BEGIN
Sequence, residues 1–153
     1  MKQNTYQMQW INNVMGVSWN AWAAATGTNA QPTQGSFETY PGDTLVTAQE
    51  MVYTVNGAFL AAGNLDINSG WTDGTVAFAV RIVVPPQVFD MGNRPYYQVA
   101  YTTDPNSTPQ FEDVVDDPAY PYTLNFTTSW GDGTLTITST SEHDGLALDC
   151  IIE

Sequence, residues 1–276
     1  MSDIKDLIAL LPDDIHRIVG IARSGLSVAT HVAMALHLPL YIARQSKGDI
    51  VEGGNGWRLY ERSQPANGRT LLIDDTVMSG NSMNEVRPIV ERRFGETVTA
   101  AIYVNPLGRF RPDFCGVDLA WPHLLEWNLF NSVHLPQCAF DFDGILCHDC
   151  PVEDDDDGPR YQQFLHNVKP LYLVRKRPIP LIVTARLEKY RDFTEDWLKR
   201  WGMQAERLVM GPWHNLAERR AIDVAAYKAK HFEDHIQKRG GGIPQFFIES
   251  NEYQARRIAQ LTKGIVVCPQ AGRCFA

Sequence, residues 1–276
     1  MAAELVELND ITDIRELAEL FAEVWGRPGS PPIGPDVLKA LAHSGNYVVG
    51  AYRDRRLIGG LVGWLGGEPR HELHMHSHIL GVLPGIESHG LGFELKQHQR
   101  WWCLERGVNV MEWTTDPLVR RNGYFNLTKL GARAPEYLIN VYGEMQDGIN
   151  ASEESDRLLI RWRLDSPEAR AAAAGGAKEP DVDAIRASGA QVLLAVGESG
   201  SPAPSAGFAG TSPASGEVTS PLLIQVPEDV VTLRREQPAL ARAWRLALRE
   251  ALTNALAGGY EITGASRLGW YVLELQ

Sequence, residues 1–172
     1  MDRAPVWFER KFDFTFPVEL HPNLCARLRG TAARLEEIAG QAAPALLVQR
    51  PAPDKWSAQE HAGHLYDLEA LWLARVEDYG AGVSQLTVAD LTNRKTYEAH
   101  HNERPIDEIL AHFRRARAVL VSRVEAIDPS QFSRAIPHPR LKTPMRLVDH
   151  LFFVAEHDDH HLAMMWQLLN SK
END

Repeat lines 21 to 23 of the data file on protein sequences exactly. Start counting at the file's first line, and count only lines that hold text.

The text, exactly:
     1  MDRAPVWFER KFDFTFPVEL HPNLCARLRG TAARLEEIAG QAAPALLVQR
    51  PAPDKWSAQE HAGHLYDLEA LWLARVEDYG AGVSQLTVAD LTNRKTYEAH
   101  HNERPIDEIL AHFRRARAVL VSRVEAIDPS QFSRAIPHPR LKTPMRLVDH